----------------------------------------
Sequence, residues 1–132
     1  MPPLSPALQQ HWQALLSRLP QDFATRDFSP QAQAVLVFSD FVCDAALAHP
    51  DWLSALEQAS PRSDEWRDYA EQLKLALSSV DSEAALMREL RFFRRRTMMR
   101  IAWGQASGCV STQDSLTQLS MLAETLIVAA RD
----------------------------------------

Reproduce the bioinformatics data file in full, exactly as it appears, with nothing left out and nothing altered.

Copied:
Sequence, residues 1–132
     1  MPPLSPALQQ HWQALLSRLP QDFATRDFSP QAQAVLVFSD FVCDAALAHP
    51  DWLSALEQAS PRSDEWRDYA EQLKLALSSV DSEAALMREL RFFRRRTMMR
   101  IAWGQASGCV STQDSLTQLS MLAETLIVAA RD